Point Austin: Waxing “Presidential”
Trump delivers the same threats in a more polite package
Well, as Samuel Johnson remarked in a very different context, should you see a dog walking on its hind legs: "It is not done well; but you are surprised to find it done at all." Yet far more laughable than Tuesday night's spectacle of Donald Trump dutifully reading from a teleprompter was that of the assembled media pundits falling all over themselves to declare his uncharacteristic performance "presidential." Amid all the absurd tributes from sources apparently inured to the Trump regime's persistent abuse of honest journalists (i.e., "enemies of the people"), it was refreshing to find The Washington Post's Alexandra Petri unimpressed: "Yup, Donald Trump spoke to Congress, and he did not bite a live bat in half." Indeed, Trump's speech was enough to make one long for the eloquence of President Shrub.
And despite the suddenly sanctimonious delivery, the content of Trump's oration (as Petri also noted) was full of the same old authoritarian snake-oil. There were the lies about crime rates; the lies about immigrants; the undermining of public schools; the absurd determination to waste billions of desperately needed infrastructure funding on a "great, great wall"; the reiterated threat to "repeal and replace Obamacare" while oxymoronically promising to maintain all the popular parts of the law; the heartfelt (and only honest) vow to deliver tax cuts. Unembarrassed, the Purveyor-in-Chief of Venal Tweets declared, "The time for small thinking is over; the time for trivial fights is behind us."
Worst of all was the shameless pandering of the fresh grief of Carryn Owens, widow of Ryan Owens, the Navy SEAL killed in a January "counterterrorism" raid in Yemen. Trump hardly invented waving the bloody shirt, but this was a particularly egregious example of the genre (waving the bloody widow?), and he got exactly the broad media sympathy he wanted. There will be no further questioning of the reportedly botched raid, no effective public doubts over what U.S. soldiers are doing in Yemen in the first place – and absolutely no public outcry over the collateral slaughter of 25 civilians, nine children among them.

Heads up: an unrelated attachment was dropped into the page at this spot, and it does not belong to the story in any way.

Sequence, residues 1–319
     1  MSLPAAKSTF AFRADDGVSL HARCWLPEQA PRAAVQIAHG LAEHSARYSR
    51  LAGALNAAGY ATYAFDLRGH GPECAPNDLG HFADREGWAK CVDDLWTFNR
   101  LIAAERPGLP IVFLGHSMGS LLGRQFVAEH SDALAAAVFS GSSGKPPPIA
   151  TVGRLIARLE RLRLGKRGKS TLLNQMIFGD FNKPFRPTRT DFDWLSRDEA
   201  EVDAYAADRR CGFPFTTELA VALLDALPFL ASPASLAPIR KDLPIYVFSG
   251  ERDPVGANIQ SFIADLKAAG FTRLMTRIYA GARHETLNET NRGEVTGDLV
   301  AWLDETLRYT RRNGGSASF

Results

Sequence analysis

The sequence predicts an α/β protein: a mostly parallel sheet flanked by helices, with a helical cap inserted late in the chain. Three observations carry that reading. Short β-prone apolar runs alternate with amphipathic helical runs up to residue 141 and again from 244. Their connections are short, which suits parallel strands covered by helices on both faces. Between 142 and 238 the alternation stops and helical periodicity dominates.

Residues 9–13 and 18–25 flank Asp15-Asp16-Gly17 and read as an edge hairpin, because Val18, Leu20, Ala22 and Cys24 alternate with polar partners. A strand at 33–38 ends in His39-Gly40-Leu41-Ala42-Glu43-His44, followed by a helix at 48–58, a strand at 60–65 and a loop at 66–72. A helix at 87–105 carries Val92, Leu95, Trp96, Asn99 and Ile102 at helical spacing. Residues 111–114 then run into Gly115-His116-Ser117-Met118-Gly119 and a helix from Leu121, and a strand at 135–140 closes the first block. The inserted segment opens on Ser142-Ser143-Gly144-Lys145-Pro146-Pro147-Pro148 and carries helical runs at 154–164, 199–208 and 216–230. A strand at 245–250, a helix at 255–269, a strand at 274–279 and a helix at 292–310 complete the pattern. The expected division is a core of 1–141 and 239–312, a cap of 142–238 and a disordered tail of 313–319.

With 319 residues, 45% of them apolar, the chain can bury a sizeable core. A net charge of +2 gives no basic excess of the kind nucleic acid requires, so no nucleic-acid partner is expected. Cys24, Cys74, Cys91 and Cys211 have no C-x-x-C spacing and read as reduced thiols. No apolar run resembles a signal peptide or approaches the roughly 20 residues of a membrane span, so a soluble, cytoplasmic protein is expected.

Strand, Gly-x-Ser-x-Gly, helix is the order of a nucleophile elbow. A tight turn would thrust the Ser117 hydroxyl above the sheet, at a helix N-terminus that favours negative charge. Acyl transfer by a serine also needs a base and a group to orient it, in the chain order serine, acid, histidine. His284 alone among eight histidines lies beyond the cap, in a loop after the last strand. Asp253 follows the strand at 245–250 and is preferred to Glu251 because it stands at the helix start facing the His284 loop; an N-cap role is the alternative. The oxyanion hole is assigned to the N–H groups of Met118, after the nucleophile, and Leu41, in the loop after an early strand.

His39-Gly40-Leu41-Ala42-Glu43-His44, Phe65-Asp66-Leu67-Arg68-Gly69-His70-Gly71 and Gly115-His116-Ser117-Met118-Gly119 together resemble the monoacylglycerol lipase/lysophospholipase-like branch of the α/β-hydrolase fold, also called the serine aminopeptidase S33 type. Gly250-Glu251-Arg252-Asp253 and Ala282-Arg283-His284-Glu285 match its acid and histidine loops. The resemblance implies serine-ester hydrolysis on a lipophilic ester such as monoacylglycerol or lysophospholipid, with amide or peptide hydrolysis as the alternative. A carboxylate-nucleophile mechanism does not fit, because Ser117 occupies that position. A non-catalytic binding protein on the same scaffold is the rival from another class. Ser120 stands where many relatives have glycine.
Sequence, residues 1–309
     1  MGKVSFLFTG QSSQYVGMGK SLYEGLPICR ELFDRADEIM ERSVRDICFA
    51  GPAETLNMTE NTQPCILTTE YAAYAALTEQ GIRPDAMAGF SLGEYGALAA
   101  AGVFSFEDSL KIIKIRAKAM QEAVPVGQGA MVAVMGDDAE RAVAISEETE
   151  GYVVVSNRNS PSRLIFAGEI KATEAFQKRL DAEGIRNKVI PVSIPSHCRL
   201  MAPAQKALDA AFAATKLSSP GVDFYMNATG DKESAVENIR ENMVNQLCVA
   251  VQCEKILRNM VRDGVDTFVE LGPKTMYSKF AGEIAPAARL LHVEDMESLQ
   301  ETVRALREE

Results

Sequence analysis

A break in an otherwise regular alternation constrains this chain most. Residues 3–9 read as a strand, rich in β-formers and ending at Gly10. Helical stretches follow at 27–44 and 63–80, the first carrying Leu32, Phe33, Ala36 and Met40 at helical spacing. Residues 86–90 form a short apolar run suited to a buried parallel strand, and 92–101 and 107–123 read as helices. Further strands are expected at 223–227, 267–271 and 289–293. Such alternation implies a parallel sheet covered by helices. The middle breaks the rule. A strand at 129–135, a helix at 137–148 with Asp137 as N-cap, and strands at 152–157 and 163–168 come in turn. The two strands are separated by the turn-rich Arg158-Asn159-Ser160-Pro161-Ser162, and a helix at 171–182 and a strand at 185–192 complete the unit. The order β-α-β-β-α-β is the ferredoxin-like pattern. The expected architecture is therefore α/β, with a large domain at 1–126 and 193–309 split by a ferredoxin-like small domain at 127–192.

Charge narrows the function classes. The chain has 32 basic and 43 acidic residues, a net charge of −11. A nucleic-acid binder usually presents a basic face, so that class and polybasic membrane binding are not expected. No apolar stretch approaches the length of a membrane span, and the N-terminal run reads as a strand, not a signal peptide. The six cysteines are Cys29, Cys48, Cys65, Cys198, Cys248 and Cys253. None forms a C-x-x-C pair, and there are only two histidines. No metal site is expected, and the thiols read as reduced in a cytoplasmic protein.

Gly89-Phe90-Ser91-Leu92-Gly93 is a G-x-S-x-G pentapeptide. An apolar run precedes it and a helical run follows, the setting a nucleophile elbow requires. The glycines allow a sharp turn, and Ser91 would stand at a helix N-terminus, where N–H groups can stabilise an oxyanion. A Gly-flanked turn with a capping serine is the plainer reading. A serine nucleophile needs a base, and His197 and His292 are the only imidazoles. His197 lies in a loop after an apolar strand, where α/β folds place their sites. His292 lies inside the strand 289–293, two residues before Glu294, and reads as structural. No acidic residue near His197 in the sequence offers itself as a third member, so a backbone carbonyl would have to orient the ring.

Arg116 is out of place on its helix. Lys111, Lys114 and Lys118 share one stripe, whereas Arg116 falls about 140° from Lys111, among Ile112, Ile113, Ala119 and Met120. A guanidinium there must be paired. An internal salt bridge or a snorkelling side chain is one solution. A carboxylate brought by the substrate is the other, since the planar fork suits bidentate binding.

All this has become D.C. business as usual, over which we're no longer supposed to be shocked, but there were at least a couple of new Trump wrinkles. He said he's asked the Department of Justice to form a "task force on reducing violent crime" – presumably they'll have plenty of resources to address those diminishing returns, as under Attorney General Jeff Sessions the DOJ will no longer be defending minority voting rights or addressing racial gerrymandering designed to protect Republican majorities. More ominously, Trump announced the creation of something (an "office"), within the already foreboding Department of Homeland Security, to be called "VOICE": "Victims of Immigration Crime Engagement." Although he failed to specify any details, the function of this office will apparently be to publicize (i.e., sensationalize) crimes ("ignored by our media") committed by undocumented immigrants.
As in the case of Ryan Owens, only certain human casualties are worthy of official attention, with the relatively few victims of crimes by immigrants at the very top of Trump's headline list. At the outset, Trump managed, finally, to acknowledge the rising threats and vandalism against Jewish institutions, and the recent shooting of Indian immigrants near Kansas City. But he and his spokespeople have angrily rejected any connection between his own anti-immigrant and often racist rhetoric and the recent rise in violence and threats against immigrants and minorities. He shifted immediately from "condemning hate and evil" to celebrating a clearly exclusive "new national pride." We will wait in vain for him to stage-prop the families of the victims of white supremacists like Dylann Roof. That's probably a mercy.
Today, March 2, City Council will consider a resolution, sponsored by Council Member Jimmy Flannigan and several colleagues, condemning the Trump executive order banning immigrants from seven Muslim-majority nations, opposing such discriminatory actions, and expressing "solidarity with refugee and immigrant communities, and [denouncing] discrimination based on race, color, religion, national origin, sex, sexual orientation, or gender identity." The resolution notes that the courts have thus far rejected the Trump regime's actions against immigrants and refugees, and it is unlikely to meet much opposition on the dais.
It's a necessary but undeniably minimal response, and will be small comfort to those local families (should they even hear of it) torn apart in recent raids by agents of Immigration and Customs Enforcement. Most of those arrested for deportation, ICE acknowledged, were "non-criminal," meaning they were guilty of having no effective response to the official demand, "Show us your papers."
It was once a mark of American "exceptionalism" to consider such a "demand for papers" a sign of incipient, foreign tyranny. As Trump and his supporters would have it, no more. We seem to be living in the first verses of the Martin Niemöller poem that concludes: "Then they came for me – and there was no one left to speak for me."